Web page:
Baked To Perfection



by AnnieWay USER (32 Reviews)
January 4th, 2019 | 0 replies

Release Date: 2019 | Tracklist

Review Summary: This is a really good record and it will get only better as we pass from winter into the summer time.

The history of Jamaican music has morphed and changed sounds so many times it is hard to keep all the styles straight. The great thing about any indigenous music is the journey and life it has. Jamaican music has traveled from the 1950’s doo wop inspired era, to the energetic bounce of SKA, to the calm yo’ ass down influence of the Rocksteady beats. Then we traversed through the mountain range Himalaya of Bob Marley’s massive contribution, then to the proverbial Noah’s ARK of Lee Scratch Perry and DUB followed by the descent into Dance Hall and now the Sound boy Culture. It was only just a matter of time until the genre started gaining well-versed practitioners from other areas of the world. The emergence of the white Irish American reggae purveyor Gingermon, is one of the most intriguing and inspiring reggae offerings in a long time.

It encompasses all the things this girl loves about reggae. Beside the fact we share a different version of the same name, (full disclosure: after a wild night of partying with perhaps a few too many drinks some of my college sisters started calling me Ginger Schnapps - LOL), the way it makes me want to dance and chillax, it always feels like a warm bath for my soul. The other thing I like about Gingermon is he does not complain about us girls in the same way many misogynistic artists do these days. Each song seems to go from strength to strength. One of the notable singles that makes my lil’ heart soar and my hips sway is the happy melancholy of One Track Mind. A lost lament of the days of summer channels all the best things about the music. The distinctive Rock steady drum patterns keep it familiar, while the Americanized influence of the lyrics and the vocals, takes it out of the ordinary. It is the chemistry of the elements, like the muted palm guitar lines that echo the melody and counterpoint that adds percussive heft to the track.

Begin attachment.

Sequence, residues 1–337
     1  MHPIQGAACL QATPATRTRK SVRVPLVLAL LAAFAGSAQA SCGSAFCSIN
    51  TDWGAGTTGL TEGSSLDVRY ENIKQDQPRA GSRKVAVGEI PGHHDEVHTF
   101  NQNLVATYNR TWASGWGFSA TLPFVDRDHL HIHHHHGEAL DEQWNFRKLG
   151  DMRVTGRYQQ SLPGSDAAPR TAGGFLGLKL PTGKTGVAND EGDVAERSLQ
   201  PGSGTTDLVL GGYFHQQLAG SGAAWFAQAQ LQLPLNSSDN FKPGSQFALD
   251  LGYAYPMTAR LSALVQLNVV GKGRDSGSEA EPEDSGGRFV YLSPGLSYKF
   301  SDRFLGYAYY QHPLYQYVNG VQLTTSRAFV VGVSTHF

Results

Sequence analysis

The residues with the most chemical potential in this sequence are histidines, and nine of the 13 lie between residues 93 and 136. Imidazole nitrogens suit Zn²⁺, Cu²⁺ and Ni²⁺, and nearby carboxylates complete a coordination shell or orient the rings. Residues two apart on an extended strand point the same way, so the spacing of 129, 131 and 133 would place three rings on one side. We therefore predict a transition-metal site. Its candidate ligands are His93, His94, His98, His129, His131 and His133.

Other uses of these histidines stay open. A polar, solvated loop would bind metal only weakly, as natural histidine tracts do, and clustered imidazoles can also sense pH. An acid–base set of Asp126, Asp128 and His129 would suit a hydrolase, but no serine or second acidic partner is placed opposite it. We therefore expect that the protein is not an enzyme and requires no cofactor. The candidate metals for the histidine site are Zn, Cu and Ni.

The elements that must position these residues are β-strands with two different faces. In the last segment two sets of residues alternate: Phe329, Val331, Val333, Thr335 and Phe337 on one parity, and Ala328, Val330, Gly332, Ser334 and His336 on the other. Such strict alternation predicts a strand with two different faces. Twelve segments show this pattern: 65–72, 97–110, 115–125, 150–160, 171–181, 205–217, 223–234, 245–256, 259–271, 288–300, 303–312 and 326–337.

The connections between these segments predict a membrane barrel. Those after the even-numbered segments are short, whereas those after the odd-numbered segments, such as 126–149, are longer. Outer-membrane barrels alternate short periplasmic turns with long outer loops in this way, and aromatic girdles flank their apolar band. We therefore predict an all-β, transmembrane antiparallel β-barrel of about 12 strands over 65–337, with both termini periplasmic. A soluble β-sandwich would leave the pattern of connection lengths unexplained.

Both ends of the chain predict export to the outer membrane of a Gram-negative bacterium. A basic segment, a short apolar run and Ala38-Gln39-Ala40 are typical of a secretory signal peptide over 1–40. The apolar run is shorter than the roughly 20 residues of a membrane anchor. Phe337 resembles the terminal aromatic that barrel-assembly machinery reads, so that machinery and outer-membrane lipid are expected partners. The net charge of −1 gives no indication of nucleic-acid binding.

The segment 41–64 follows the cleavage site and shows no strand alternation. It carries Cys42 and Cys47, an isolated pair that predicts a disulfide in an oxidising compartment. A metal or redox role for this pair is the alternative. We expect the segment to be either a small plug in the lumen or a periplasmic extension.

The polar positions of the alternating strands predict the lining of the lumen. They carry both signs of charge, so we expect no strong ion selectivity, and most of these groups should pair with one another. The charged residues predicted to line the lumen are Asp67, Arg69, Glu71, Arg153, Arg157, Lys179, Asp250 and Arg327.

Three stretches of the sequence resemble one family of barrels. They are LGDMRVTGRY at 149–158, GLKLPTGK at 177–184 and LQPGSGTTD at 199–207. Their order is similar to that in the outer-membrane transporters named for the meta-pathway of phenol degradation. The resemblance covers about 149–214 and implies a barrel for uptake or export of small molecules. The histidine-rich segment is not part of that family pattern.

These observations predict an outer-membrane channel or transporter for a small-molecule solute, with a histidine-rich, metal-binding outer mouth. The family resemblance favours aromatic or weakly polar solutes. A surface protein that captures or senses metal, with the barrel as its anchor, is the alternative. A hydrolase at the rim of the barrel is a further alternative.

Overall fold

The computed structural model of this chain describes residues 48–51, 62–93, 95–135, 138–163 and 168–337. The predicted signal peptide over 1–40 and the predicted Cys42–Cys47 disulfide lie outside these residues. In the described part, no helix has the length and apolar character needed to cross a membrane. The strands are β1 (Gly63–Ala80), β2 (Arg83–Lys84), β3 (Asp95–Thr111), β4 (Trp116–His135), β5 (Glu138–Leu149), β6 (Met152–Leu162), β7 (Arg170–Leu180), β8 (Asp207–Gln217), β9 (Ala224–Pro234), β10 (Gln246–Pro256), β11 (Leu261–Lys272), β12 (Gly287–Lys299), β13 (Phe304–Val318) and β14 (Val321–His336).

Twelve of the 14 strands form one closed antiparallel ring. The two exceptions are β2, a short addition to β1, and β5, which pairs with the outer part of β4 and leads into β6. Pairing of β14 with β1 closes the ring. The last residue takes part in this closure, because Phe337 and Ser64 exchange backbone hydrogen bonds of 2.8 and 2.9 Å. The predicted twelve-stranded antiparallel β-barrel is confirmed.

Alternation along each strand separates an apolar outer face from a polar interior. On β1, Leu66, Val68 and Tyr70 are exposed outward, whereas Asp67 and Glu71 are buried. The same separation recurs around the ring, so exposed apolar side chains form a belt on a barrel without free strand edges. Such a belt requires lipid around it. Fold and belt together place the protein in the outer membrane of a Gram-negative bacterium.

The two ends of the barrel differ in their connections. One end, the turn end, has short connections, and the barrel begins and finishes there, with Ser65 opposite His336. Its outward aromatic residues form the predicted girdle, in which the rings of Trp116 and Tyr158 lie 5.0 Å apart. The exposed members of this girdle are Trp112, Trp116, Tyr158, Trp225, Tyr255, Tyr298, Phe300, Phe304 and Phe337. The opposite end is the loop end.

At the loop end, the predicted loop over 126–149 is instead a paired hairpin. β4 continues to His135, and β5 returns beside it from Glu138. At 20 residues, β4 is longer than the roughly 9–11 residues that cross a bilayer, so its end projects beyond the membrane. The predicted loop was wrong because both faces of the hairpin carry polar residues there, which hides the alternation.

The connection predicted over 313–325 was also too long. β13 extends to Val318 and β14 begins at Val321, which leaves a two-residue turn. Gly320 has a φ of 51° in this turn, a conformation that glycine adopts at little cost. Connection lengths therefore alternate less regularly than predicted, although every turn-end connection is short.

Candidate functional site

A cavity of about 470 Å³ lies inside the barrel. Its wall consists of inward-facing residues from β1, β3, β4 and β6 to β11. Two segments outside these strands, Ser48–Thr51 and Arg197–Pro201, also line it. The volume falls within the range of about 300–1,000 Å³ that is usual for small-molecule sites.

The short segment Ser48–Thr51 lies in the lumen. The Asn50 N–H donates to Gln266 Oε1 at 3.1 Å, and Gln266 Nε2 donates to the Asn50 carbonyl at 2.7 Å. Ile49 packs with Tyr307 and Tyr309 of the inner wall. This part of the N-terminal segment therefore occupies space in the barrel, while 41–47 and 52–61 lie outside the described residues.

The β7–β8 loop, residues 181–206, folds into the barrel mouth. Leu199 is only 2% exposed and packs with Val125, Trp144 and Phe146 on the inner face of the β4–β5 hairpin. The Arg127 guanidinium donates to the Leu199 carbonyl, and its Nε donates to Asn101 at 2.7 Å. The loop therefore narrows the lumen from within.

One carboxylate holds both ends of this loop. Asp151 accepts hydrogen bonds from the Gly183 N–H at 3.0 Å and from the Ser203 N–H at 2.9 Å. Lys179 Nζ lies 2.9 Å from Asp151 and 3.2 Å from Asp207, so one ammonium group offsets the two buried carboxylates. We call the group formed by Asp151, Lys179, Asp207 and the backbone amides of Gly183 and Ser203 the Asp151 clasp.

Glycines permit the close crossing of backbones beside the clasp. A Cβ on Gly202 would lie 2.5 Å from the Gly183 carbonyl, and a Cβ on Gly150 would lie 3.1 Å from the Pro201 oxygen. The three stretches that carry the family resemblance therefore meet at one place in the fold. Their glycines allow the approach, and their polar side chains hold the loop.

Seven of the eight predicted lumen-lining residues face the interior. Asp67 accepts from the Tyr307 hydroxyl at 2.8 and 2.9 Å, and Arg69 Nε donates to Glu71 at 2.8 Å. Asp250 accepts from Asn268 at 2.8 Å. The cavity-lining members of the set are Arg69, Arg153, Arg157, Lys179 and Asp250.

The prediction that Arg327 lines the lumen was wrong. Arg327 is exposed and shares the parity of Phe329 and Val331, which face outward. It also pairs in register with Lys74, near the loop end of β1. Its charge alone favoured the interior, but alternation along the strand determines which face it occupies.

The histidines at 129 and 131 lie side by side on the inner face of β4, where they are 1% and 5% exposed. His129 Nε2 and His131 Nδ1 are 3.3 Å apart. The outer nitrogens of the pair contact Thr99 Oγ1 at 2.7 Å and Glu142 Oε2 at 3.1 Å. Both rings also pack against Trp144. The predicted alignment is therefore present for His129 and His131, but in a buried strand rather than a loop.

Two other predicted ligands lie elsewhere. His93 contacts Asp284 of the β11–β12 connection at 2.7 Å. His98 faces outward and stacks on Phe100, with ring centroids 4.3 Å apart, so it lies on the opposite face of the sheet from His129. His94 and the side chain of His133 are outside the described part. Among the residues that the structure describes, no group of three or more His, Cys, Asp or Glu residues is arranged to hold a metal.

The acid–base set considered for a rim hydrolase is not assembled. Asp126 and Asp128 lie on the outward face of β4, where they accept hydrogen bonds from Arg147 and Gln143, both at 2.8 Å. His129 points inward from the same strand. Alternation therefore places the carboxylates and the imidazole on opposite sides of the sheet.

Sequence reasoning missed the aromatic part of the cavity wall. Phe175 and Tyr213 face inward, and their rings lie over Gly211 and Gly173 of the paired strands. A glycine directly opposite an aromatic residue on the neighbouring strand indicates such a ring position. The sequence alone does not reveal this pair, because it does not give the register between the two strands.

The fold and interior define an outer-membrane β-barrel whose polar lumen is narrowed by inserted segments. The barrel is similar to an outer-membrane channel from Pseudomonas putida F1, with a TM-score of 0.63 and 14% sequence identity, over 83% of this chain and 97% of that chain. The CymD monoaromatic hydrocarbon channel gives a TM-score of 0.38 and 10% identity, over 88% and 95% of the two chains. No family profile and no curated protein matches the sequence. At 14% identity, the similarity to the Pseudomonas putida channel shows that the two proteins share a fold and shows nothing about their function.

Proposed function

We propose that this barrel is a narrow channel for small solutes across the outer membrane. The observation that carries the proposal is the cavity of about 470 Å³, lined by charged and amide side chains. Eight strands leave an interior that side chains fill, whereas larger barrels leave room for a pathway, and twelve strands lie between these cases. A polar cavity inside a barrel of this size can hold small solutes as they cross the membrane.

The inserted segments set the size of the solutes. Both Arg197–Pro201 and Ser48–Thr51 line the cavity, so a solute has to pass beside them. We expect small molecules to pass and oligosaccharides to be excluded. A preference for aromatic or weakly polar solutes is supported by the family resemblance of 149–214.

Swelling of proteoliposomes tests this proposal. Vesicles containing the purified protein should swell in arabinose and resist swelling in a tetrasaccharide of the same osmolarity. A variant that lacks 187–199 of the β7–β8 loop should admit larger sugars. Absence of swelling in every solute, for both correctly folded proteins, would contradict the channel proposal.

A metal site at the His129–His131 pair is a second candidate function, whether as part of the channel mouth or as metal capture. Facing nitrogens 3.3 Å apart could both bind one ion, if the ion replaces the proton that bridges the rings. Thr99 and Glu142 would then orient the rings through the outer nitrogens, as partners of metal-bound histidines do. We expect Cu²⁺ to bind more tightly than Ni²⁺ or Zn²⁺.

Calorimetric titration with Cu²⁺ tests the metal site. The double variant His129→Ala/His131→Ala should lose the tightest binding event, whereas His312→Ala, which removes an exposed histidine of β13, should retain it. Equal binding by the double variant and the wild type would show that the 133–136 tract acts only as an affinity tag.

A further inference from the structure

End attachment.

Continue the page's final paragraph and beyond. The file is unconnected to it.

The psychedelic electric sitar/guitar lines and bouncing drums and the romantic words turn Oh No, into one of my favorite tracks on this release. The energy coming from the tracks with the warm organ stabs highlights the twists and turns on the roads of this recording and really showcases the uniqueness of Gingermon, or Tim Gandee, as this artist is known to his family. It is rare that an American guy from Cleveland has produced one of the better reggae albums with this sort of music, that I have heard in a long, long time. Hey, go figure!

You can almost hear the rustling of the rolling paper and see the scraps from the ends, falling back out on the table when the album kicks into a love song I could have written myself. Gingermon is not the only person in this world that loves Sativa. The bass is the calling card and foundation of the music and keeps the beat moving and the smoke rings rising. He speaks the truth and says for me what I know too. This hard-drinking diva loves me some Sativa too every now and then and I do not care who knows it. The line “…you’re so lovely, when you’re in bloom…” says it all for me. The production and the way they put the songs together always gives your ear something interesting to go to as every second passes. This is a really good record and it will get only better as we pass from winter into the summertime. So, don’t just say “Yah mon” anymore, say Gingermon. And don’t forget to pass that spliff to your best girl Ginger Schnapps.

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